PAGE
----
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Writing Blog 2

Why I Won't Stop Wearing Yoga Pants

Roderick Campbell

by Janne Robinson

I remember when I was fourteen and I bought my first pair of black, form fitting Lululemon yoga pants.
 
One day my mom made a comment about me wearing them out in public. She said, “You look almost naked, you can see basically every curve of your body—and crotch.” I remember feeling self-conscious and always making an effort to wear shirts that were longer than my lady bits, solely from her request.
 
I still wear yoga pants, and I do think about her words from time to time when I get dressed.
 
Regardless—I wear them doing yoga, I wear them cleaning, I wear them on airplanes, I wear them volunteering doing rabies campaigns in Guatemala, I wear them shopping—I wear them almost everywhere. I love my yoga pants and they love me. Why? Well, because they’re comfortable as hell. 
 
Last week a Republican lawmaker from Montana, David Moore, sought to ban yoga pants (yes, seriously) in an effort to strengthen the state’s indecent exposure law. Mr. Moore made the proposal after being greatly offended by a group of naked bicyclists that dared to ride their indecent selves through Missoula last August.
 
After the hearing he claimed that, “Yoga pants should be illegal in public anyway.” He also stated that he wouldn’t have a problem with police officers arresting people who wear provocative clothing, and he would leave it up to the discretion of the individual officer.
 
Dear David Moore, I don’t necessarily like banana hammocks, but those are also legal.
 
Would your officers arrest a man wearing a plum smuggler?
 
A few months ago, while wearing yoga pants walking down a street in Edmonton, I had three men eye fuck me/cat call me.
 
I felt violated by their stares—I was outraged.
 
I confronted one of them with my eyes, holding them accountable, aggressively and engaging in strong, short conversation—making myself tall with everything inside of me.
 
“I will not take your inability to control your sexual energy. I refuse to let you throw your sexual energy upon me,” my eyes/body yelled back.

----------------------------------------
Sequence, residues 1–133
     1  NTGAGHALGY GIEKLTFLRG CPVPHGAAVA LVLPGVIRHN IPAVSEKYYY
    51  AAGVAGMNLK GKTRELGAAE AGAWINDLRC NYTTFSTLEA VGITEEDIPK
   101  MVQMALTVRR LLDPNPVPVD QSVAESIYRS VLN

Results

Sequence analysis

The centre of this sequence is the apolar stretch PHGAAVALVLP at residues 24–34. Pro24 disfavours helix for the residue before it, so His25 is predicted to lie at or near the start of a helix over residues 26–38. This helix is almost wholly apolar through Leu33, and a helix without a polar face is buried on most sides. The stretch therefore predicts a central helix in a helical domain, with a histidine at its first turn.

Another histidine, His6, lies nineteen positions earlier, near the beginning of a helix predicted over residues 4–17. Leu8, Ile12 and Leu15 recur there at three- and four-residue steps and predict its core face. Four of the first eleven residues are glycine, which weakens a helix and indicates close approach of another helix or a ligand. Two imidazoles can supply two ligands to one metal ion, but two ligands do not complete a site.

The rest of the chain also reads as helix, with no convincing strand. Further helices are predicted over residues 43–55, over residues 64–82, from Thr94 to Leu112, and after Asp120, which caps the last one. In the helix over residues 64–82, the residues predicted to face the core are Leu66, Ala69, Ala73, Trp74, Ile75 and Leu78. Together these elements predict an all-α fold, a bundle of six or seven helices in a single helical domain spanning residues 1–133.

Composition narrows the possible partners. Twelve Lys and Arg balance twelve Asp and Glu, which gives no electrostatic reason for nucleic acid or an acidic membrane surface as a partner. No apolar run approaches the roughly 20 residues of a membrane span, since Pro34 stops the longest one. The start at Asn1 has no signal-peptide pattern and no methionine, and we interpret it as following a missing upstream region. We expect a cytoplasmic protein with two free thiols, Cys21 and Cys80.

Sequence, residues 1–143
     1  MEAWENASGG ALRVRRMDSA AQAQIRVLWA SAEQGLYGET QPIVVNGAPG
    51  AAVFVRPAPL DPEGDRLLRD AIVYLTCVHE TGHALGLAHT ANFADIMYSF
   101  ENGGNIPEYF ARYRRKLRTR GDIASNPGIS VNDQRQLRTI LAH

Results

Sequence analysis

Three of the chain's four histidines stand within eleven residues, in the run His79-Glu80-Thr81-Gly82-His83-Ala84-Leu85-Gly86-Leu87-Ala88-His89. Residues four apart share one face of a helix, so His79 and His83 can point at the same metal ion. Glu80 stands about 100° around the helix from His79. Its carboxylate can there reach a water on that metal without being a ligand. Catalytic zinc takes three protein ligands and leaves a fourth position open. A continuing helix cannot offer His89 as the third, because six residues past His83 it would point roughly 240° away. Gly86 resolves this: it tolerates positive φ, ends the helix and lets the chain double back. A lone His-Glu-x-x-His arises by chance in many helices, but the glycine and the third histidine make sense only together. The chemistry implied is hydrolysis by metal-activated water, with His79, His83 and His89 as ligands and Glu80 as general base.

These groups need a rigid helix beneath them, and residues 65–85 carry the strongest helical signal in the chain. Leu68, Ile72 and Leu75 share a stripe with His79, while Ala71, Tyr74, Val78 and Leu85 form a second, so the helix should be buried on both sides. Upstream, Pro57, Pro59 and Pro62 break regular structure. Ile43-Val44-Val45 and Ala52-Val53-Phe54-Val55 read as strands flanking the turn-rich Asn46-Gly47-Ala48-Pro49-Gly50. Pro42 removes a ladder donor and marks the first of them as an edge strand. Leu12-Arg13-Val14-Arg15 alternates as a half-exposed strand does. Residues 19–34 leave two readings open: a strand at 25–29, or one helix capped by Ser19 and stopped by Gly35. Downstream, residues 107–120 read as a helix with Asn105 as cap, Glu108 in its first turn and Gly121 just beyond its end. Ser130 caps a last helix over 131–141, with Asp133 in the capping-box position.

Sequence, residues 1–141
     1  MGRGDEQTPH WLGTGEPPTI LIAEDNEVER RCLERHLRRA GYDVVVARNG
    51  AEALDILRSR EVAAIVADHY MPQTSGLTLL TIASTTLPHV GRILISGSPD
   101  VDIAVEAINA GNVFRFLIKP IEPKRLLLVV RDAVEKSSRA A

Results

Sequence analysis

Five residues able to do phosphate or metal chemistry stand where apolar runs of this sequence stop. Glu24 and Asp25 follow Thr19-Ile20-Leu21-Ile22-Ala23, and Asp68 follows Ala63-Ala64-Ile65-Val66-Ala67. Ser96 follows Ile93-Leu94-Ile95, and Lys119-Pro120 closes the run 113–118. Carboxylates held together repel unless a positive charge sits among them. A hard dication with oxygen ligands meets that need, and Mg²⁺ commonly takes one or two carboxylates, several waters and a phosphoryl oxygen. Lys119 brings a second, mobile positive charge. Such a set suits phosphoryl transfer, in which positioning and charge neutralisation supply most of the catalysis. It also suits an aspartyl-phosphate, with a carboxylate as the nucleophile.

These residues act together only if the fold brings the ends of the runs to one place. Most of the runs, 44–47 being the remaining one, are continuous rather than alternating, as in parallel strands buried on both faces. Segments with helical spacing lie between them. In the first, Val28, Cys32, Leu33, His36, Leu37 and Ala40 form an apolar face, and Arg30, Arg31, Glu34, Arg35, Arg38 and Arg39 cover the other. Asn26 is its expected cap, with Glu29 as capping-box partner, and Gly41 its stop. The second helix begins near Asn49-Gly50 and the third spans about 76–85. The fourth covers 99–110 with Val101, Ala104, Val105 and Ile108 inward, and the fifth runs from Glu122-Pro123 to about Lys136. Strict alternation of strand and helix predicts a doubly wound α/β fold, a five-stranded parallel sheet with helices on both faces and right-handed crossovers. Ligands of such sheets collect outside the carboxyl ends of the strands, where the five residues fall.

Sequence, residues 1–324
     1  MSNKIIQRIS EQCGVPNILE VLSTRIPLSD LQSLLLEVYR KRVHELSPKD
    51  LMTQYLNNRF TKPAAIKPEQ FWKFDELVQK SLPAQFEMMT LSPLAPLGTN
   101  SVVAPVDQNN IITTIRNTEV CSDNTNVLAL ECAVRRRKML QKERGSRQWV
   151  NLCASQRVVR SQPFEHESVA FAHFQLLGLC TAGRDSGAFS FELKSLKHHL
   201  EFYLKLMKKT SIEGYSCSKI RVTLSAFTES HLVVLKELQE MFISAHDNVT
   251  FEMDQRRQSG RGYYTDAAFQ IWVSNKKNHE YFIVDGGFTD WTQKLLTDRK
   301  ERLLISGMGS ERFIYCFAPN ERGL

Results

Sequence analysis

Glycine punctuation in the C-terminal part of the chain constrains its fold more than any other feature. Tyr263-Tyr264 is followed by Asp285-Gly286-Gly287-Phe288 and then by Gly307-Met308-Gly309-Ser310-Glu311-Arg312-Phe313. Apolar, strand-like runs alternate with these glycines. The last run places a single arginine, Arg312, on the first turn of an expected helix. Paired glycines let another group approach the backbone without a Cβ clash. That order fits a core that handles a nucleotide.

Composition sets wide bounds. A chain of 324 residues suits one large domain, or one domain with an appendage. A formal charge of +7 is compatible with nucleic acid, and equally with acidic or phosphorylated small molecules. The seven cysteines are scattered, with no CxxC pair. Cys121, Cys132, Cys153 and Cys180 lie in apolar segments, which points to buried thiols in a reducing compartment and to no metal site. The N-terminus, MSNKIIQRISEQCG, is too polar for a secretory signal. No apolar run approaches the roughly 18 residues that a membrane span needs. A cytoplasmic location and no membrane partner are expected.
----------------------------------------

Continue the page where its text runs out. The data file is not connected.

I shared the experience on my Facebook and a few men said, “It’s not our fault—we’re men. We’re wired primitively to express appreciation for women’s bodies.”
 
So, here’s the deal. Men/women may very well check out females/males who don yoga pants, or anything else for that matter. (Yes—they also make male yoga pants, are those inappropriate, too?)
 
I think we are wired to some extent to appreciate beautiful bodies when they walk by.
 
If Ryan Gosling walked by me, I very well may sneak a second, or third look.

 


 

This is inevitable.
 
We’re here to mate and reproduce and keep the humans over-populating mamma earth until the sun blows up or we blow each other up, or something.
 
Here’s what’s not inevitable: possessing the self-control to see a woman wearing yoga pants without yelling like a fucking baboon exploding with testosterone.
 
We are not animals, although we are related to them.
 
And as men, and women, we have an accountability to check our sexual energy.
 
When I wake up in the morning and get dressed, I will not ever take into account, “What if I run into a man who struggles with self-control?”
 
If a man sees a woman wearing tight, crotch illuminating yoga pants—it doesn’t mean a green light to start slobbering and yelling like an imbecile when she walks by.
 
FYI: I also wear Lululemon leggings when I am bleeding, because they are comfortable and more accommodating to my cramps.
 
I don’t put them on because it’s business time.
 
The solution to cat calling, rape, sexual assault, and sexual harassment isn’t to cover ourselves from head to toe in cloth, or worry about the men of the world encompassing enough self-control—it’s to gain some accountability over our own sexual energy.
 
The bottom line is, no one is entitled to tell me what I can and cannot wear.
 
And we have bigger issues than first world women wearing yoga pants—like Kim Kardashian’s bum and whether 50 Shades of Grey is an abomination.
 
Let’s quit telling our daughters to put more clothes on, and start telling our sons to gain more respect and self-control.